How Uber Riders can Power Retailers (Hint: it’s the Data)
Retailers have access to more data than ever before. The data helps retailers interpret what consumers will buy and when and for much, among other things. Research it enough and data — if interpreted properly with artificial intelligence — can just about tell you anything you would need to know. “The data comes from everywhere. Indoor tracking systems like Bluetooth beacons or Philips lighting. “From Web browsing behavior and app sessions. From transaction data aggregated by the likes of Visa and Mastercard and the banks. Even from platforms like Uber. For instance, Visa knows that Uber riders with Visa cards spent $144 billion in retail stores … and $2 billion directly after getting out of an Uber,” wrote Dan Rowinski of Application Resource Center.
Retail “Target”-ing Amazon with Redesign
It’s not the Target you’ve come to know, and that’s precisely the point. This October, in a suburb of Houston, Target is launching a completely overhauled retail experience: the “large-format Target of the future.” According to Fast Company Target is spending billions over the next two years to rep-do some 600 stores. “Walking through new, curved aisles rather than a grid…customers will see gleaming merchandise [for a] …free-form shopping experience. Target [will also] offer a quick way to grab your online order or a bottle of wine for dinner.” Target’s not the only large retailer looking to knock Amazon down a peg or two. USA Today recently reported Walmart is planning to offer major discounts online – if consumers come to the stores to pick up the merchandise. The plan allows Walmart’s consumers “the ease of online shopping while [Walmart takes] advantage of its thousands of stores, cutting costs while still offering convenience. Customers save on delivery costs and get their orders faster — and maybe they’ll even stick around and shop.”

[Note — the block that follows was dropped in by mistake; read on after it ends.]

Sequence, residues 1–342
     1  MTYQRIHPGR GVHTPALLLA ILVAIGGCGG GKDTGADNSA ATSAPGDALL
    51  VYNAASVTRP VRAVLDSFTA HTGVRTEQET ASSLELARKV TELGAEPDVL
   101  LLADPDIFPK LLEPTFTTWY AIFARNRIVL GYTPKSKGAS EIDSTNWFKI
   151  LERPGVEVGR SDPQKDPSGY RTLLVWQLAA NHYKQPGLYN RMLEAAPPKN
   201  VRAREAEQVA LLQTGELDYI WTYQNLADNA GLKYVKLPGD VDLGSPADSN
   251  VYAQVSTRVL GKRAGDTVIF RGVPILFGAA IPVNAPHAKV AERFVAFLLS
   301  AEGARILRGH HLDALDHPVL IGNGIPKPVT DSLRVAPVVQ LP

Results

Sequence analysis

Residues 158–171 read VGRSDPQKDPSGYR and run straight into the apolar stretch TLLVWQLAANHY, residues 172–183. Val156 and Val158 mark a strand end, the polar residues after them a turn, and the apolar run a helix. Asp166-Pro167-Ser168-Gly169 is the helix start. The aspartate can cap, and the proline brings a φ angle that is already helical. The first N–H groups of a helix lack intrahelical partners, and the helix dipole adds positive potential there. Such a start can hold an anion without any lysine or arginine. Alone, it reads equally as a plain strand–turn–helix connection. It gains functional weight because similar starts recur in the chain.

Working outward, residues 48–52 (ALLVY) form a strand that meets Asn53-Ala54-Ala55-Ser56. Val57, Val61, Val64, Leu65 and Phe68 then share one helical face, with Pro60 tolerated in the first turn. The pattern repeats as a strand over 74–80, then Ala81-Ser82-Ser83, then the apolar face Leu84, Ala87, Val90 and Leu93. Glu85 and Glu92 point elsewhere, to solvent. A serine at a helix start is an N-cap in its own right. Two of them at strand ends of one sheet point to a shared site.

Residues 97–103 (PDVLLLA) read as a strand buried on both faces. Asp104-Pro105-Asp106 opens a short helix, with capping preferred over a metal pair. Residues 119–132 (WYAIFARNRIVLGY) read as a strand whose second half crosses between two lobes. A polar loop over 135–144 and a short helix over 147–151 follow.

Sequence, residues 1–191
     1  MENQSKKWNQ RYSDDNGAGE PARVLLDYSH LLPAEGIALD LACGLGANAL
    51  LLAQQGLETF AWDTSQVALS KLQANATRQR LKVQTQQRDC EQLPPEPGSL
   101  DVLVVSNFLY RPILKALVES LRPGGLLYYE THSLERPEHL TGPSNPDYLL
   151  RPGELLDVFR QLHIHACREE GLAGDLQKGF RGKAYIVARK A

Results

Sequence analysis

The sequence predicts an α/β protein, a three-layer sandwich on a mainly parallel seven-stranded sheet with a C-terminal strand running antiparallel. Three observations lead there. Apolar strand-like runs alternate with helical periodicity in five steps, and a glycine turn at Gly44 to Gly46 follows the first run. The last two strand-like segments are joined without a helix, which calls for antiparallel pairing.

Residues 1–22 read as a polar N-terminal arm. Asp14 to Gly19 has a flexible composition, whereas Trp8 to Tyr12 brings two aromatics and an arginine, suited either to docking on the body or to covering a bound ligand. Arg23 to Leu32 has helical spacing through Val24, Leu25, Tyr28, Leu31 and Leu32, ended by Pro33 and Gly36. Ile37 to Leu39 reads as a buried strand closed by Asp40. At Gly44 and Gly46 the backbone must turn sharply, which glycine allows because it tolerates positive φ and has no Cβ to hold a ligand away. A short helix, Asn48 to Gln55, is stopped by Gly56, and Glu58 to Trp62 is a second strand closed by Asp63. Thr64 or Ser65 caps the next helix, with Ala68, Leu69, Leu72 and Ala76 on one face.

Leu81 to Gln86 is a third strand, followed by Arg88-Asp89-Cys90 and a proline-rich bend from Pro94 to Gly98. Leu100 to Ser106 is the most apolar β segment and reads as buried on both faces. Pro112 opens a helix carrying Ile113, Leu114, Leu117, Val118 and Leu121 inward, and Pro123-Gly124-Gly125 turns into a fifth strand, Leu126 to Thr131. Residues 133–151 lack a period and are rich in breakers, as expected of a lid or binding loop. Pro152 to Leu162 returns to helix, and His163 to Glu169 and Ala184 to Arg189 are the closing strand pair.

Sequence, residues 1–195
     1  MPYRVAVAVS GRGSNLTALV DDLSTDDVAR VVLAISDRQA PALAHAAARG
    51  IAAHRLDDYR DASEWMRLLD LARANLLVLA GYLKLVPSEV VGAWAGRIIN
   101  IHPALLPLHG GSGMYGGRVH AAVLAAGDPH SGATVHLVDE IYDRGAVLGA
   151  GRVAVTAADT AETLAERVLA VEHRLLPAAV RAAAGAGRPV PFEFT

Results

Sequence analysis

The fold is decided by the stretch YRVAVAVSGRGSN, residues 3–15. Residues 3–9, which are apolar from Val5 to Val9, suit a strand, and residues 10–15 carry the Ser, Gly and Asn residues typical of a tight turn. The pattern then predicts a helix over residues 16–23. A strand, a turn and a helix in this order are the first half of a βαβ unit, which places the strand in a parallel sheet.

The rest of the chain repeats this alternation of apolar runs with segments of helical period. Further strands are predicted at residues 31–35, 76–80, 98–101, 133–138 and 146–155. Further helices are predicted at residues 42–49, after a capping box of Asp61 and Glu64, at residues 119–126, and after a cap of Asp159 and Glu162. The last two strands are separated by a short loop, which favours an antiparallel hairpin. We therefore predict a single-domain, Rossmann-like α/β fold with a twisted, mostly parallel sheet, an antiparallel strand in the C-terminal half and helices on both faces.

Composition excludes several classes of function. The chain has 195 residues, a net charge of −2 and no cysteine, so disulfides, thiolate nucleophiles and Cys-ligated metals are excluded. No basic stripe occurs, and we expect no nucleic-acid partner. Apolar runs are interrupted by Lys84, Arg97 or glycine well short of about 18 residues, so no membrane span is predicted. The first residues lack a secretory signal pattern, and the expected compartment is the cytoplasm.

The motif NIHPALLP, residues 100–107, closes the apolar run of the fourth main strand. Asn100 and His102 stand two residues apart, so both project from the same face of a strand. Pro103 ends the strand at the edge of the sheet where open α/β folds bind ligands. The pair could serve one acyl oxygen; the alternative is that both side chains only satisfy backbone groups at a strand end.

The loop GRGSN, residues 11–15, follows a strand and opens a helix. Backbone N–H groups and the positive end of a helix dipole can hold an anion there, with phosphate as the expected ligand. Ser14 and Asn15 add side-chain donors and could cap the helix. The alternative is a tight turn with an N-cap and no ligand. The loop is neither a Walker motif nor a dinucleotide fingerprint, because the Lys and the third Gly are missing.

Using Instagram to Drive (initial) Exclusivity at Retail
Bloomberg calls Instagram a retail killer, but Generation Z is utilizing the social media tool to drive exclusivity at retail. Sure, it doesn’t hurt when a celebrity is photographed wearing a particular piece of merchandise that’s only available in a particular store or two, and many in today’s new economy are eschewing the lure of having millions of hats in every store to sell to everyone. Some are content to move fewer units in favor of creating excitement around a brand. Bloomberg recently highlighted the story of Alexandre Daillance, who, at 18 years of age, designed a hat that reached singer-actress Rihanna. The evidence of Rihanna’s fondness for the hat was posted on Instagram and the internet took it from there. Millinsky told Bloomberg, “We make sure that our products are sold out quickly through retailers. We create rarity, and then—boom!—we have waves of clientele coming to our website directly, no middleman necessary.”
DMM Tech-Tip: Co-tenancy
Co-tenancy on your mind? Co-tenancy (co•ten•an•cy, koh-ten-uhn-see) is a noun, defined as “two or more tenants sharing property.” It’s like being back in college and having a roommate. The ShoppingCenters.com Group creation tool can lend a hand in locating co-tenancy partners that might work in your situation. It’s easy! Check it out.